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How to Select and Install a Home Well Water Chlorinator

Jan 2, 2008
Common household bleach can used in an automatic chlorinator system to kill coliform bacteria and provide disinfected water. In some wells iron or sulfur bacteria can create 'rotten egg' odors and cause staining of fixtures and appliances. Chlorinators can also be used to address these problems.

The first step in selecting a chlorinator is to find out your basic water chemistry and have your well water tested. A general mineral analysis will provide a list of the common minerals (calcium, magnesium, iron, manganese, dissolved solids) alkalinity and pH. The pH is important because the higher the pH the more chlorine is required.

How Much Chlorine Should I Plan to Add?

Chlorine is injected in parts per million ('ppm') which is the same as saying milligrams per liter ('mg/L'). For bacteria you want 1 to 2 ppm of chlorine and approximately 10 minutes of contact time. If the water is colder than 50F you may need longer contact time.

For each part per million of iron or manganese you want to inject 1 ppm of chlorine. For each 1.0 ppm of hydrogen sulfide gas (which causes the rotten egg smell in water) you want to inject 2 to 3 ppm of chlorine.

So say you have bacteria and 2.0 ppm of iron. For our example here, we will assume you want to inject 3 ppm of chlorine.

How Do I Know What Size Chlorinator Pump to Install?

The next step in selecting your metering pump is to know how many gallons per minute your well water is flowing at the point where you will be injecting the chlorine. Usually the best place to inject the chlorine is before the pressure tank. Unless you have a variable-speed pump, your water at this point is flowing in approximately the same flow rate every time the well pump turns on. After you use up your reserve in your pressure tank, the pressure switch turns on the well pump and the water begins to flow from the well.

You can easily calculate the flow rate at this point by following these steps:

1. Open any hose bib or faucet until pump turns on.
2. Close hose bib or faucet and let pump fill up pressure tank until it turns off.
3. Using a 1 or 5 gal. bucket, open faucet, collect and measure all water discharged until pump turns on. Let us say this amount is 20 gallons.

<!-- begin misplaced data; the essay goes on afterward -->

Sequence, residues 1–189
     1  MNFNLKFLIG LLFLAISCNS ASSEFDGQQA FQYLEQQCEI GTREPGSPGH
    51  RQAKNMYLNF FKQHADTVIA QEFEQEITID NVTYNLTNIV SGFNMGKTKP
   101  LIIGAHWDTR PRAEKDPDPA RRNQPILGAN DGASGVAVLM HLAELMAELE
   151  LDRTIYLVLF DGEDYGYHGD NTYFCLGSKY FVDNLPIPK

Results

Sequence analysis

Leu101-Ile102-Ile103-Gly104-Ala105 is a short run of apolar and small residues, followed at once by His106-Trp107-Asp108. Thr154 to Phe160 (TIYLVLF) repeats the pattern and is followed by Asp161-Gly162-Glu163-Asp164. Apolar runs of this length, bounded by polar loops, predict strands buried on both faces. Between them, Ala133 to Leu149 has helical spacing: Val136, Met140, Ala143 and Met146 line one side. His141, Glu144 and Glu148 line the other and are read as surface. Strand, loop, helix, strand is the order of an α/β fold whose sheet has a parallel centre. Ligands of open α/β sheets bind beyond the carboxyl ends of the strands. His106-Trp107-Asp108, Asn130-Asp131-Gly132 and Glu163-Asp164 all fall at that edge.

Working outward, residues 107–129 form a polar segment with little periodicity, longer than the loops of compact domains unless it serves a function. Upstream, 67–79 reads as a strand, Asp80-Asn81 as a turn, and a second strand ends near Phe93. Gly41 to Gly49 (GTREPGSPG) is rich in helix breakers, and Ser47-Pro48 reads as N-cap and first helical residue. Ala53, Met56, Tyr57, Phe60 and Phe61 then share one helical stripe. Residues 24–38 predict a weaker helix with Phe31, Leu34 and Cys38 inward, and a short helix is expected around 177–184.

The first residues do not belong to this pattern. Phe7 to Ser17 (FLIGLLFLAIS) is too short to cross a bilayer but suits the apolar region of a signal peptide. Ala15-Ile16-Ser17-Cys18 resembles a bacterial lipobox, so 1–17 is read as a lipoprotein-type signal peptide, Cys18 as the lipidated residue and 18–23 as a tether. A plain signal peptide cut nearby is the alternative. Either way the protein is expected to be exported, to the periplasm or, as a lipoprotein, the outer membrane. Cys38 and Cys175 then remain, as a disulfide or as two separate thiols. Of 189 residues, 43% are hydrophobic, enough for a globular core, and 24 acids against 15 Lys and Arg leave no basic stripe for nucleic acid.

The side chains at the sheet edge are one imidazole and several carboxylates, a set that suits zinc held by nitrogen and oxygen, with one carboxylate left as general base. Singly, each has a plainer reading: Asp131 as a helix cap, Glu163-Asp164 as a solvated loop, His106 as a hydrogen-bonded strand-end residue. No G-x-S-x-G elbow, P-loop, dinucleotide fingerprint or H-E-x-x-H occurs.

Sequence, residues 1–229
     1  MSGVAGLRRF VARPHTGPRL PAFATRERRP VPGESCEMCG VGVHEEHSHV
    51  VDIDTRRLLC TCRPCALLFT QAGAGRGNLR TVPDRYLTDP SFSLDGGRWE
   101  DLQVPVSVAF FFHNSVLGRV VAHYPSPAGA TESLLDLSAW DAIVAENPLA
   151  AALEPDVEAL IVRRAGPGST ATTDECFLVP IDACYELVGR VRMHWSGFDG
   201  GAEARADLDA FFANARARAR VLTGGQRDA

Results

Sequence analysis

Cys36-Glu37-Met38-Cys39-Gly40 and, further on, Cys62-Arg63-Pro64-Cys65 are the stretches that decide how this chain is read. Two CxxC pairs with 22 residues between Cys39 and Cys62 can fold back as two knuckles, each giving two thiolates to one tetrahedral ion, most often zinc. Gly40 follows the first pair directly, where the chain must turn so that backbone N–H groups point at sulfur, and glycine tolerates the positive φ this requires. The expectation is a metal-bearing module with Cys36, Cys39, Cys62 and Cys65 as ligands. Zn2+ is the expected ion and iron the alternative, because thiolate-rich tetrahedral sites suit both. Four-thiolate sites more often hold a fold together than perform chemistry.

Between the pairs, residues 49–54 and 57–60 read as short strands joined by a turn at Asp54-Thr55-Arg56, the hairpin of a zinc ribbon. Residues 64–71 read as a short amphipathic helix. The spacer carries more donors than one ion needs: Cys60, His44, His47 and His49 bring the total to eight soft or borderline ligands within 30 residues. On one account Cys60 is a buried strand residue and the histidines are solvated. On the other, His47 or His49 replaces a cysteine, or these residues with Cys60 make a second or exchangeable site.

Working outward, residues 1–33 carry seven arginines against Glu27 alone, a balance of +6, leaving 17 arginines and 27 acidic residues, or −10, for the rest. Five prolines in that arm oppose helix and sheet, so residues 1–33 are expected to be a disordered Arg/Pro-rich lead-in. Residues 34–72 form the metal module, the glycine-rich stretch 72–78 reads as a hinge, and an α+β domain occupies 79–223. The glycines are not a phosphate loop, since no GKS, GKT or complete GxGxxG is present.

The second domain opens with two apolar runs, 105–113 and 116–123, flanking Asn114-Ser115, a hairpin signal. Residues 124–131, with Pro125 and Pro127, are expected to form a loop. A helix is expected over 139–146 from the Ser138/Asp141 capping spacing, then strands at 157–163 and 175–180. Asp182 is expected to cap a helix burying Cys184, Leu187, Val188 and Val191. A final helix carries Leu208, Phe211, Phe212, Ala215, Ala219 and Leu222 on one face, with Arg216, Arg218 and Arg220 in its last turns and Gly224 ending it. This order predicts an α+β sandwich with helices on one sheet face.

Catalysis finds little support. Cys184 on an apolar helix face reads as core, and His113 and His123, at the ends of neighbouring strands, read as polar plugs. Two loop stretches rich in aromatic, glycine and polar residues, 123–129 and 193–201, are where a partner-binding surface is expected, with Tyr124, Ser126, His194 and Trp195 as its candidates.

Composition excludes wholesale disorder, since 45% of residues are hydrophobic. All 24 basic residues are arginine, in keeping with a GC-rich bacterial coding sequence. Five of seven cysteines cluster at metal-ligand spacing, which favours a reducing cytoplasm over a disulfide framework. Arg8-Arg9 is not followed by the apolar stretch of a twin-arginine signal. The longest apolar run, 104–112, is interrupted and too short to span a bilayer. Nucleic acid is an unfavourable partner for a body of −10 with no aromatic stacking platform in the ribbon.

4. When pump turns on, immediately close faucet and start timing pump cycle.
5. When pump turns off, record pump cycle time to refill pressure tank in seconds. Let us say this figure is two minutes or 120 seconds.
6. Divide the number of gallons collected in Step 3 by the number of seconds in Step 5. 20 divided by 120 is 0.166
7. Multiply the answer from Step 6 by 60, which comes out to 10.
8. The answer in Step 7 is the average pumping capacity of the pump in gallons per minute (GPM).

Now that you know the amount of chlorine you want to install (3 ppm) and the flow rate of the water stream you are injecting the chlorine into (10 gallons per minute) you are finally ready to calculate the size of the metering pump!

How Strong Should the Chlorine Bleach Solution Be?

Use unscented 5% chlorine laundry bleach and dilute it by adding 9 gallons of water to 1 gallon of bleach. This will give you a solution strength of 5000 parts per million of chlorine.

Metering Pump Sizing

Metering pumps are often rated in the amount of chlorine solution they can pump by gallons per day. They have adjusting knobs so you can pump the full output or turn the pump down to deliver up 90% less than the output.

The formula simple: multiply the flow water (GPM) times the Applied Dosage in Parts Per Million and them multiply this by 1440 (the number of minutes in on 24 hour period). Finally divide this number by the solution strength being used.

10 GPM x 3.0 PPM x 1440 divided by 5000 = 8.6 Gallons Per Day

At this rate you can select a metering pump that can pump 10 gallons per day and adjust the output of the pump to 86% to achieve the desired 8.6 gallons per day. Finally you can test the chlorine residual at the kitchen sink. Your goal should be to have a residual of 0.2 to 0.8 ppm of chlorine. If you find the residual is too high, you can adjust the metering pump down to deliver less or dilute the chlorine solution with more water. If you find the residual is too low, you can make the solution strength stronger by using less water to dilute the solution, or you can turn up the output of the metering pump.
About the Author
Gerry Bulfin is a licensed water treatment contractor and WQA Certified Water Specialist IV specializing in treating contaminated or problem well water. He may be contacted through the website www.cleanwaterstore.com or by calling 831-462-8500 or by gb@cleanwaterstore.com
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